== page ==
Profit-sharing arrangements between insurance companies and some major superannuation funds have come under scrutiny by the Minister for Revenue and Financial Services, Kelly O’Dwyer and have been directed for the attention of the Productivity Commission (PC).
The profit-sharing arrangements have often been the subject of criticism by financial planners and O’Dwyer used a radio interview to question whether such arrangements were actually in the best interests of superannuation fund members.
Discussing the broad question of insurance within superannuation and the manner in which premiums could erode account balances, the minister said it all became a question of what was in the best interests of members and the industry needed to justify such arrangements.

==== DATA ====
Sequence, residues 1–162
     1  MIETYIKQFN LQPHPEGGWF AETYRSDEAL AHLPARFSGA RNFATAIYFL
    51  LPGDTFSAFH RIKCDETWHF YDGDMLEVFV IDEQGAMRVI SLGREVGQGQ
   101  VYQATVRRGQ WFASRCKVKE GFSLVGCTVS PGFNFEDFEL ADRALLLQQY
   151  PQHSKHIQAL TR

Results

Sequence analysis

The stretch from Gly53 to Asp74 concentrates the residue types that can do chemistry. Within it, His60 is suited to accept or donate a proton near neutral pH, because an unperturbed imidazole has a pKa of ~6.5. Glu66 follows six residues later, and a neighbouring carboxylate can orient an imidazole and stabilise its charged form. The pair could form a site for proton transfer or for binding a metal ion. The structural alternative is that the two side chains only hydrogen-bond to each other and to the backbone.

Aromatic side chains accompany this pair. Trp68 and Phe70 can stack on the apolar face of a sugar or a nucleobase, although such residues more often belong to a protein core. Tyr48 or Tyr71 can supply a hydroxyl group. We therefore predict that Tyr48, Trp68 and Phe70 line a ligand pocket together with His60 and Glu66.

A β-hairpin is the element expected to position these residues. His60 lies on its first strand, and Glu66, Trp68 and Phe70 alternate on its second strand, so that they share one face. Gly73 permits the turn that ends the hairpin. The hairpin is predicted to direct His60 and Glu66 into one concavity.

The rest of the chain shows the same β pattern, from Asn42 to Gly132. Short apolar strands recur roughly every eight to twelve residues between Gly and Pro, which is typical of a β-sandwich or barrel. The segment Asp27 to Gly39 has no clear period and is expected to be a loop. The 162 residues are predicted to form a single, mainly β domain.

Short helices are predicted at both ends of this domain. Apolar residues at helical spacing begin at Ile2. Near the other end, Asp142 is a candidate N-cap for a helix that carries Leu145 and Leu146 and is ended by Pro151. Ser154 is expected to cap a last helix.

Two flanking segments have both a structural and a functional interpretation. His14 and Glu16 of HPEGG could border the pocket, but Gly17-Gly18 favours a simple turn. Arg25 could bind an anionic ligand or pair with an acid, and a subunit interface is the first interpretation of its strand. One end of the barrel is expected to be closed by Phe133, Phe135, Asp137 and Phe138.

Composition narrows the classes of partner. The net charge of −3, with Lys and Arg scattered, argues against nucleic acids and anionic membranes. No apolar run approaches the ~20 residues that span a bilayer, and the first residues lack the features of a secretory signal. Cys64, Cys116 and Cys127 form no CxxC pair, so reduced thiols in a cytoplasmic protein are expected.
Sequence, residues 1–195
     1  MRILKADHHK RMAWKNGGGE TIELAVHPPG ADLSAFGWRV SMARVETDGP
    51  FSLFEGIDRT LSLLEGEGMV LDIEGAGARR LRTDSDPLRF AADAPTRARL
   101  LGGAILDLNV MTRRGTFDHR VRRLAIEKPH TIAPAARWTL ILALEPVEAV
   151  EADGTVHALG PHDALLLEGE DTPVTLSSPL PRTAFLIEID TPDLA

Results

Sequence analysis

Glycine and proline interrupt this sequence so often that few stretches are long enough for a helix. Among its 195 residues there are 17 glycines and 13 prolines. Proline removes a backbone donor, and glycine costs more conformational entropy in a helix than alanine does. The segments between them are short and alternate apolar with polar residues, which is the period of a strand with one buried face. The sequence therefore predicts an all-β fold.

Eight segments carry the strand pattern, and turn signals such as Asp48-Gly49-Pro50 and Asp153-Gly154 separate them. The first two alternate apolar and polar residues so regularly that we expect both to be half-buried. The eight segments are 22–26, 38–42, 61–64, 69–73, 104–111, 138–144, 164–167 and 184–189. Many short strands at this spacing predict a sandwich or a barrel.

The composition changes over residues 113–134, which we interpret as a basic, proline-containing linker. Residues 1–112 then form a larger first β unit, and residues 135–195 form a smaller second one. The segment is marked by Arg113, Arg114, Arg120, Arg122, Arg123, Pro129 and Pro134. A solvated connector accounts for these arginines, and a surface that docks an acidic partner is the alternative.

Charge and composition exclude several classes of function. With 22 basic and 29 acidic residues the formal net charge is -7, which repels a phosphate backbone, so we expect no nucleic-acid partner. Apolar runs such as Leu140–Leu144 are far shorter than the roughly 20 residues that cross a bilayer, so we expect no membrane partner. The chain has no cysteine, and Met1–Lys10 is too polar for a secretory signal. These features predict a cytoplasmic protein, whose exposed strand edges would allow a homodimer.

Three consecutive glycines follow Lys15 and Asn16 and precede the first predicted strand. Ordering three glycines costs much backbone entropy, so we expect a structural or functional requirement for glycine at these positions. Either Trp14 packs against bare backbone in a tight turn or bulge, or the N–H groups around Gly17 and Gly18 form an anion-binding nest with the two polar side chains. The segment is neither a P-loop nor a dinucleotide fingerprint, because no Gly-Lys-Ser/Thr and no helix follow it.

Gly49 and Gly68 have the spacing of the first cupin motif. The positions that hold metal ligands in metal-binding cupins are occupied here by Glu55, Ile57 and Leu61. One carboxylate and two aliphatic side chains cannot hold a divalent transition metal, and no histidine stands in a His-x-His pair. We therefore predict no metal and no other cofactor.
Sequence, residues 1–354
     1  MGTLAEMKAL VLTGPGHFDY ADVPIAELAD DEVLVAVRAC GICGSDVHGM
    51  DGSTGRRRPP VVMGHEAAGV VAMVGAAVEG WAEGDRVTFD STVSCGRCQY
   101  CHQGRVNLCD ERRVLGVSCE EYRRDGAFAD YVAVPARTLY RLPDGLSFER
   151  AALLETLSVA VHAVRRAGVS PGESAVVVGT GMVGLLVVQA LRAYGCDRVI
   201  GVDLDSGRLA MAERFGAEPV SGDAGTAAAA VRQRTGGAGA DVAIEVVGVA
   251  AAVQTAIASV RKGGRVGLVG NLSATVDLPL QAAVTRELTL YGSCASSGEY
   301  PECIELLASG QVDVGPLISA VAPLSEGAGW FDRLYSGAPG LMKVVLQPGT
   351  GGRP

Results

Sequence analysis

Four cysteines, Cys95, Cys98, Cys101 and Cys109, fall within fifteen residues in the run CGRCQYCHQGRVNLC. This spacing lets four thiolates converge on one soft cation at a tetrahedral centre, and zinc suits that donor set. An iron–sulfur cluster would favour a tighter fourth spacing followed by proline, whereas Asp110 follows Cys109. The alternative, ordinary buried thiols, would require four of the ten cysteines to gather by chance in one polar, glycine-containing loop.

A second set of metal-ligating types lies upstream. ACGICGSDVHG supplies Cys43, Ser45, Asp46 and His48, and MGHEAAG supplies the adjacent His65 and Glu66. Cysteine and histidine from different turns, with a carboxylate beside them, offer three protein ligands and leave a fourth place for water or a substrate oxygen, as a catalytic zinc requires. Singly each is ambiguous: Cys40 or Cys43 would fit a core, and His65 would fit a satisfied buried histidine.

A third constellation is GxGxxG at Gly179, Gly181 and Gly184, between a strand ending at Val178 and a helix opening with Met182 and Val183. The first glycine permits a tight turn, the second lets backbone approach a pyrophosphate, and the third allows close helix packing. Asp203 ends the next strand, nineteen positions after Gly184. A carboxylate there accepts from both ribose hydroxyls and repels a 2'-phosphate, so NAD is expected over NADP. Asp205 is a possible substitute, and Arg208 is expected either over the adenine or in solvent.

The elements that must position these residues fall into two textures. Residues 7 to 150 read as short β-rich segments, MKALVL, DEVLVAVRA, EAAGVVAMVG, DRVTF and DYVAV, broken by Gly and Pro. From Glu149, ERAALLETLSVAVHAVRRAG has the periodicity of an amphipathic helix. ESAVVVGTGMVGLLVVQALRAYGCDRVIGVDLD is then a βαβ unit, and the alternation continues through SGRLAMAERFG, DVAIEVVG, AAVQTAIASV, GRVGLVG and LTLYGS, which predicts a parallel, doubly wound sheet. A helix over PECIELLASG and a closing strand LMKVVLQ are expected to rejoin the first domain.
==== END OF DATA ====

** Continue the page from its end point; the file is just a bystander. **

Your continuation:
“There are also arrangements where there are profit-share arrangements with a number of these funds as well, and again, the question is – are individual members actually getting the benefit of that or, in fact, is the fund itself getting the benefit and that not being passed on?” O’Dwyer said.
Her comments follow on from last year’s submissions to the Joint Parliamentary Committee reviewing the Life Insurance industry in which one major insurer pointed to the existence of the so-called profit-sharing arrangements but said it believed the rebates provided to the superannuation fund were then put to work for members.
Financial planners have argued that the profit-sharing rebates provided to superannuation funds, particularly industry funds, are similar to the volume rebates provided to dealer groups which were outlawed under the Future of Financial Advice (FOFA) changes.
Elsewhere in her discussion of insurance and superannuation, O’Dwyer spoke openly of the need for change in the superannuation sector claiming that while some people in the industry believed it was perfect and not in need of change, the truth was the industry might be doing better than the individuals it was meant to serve.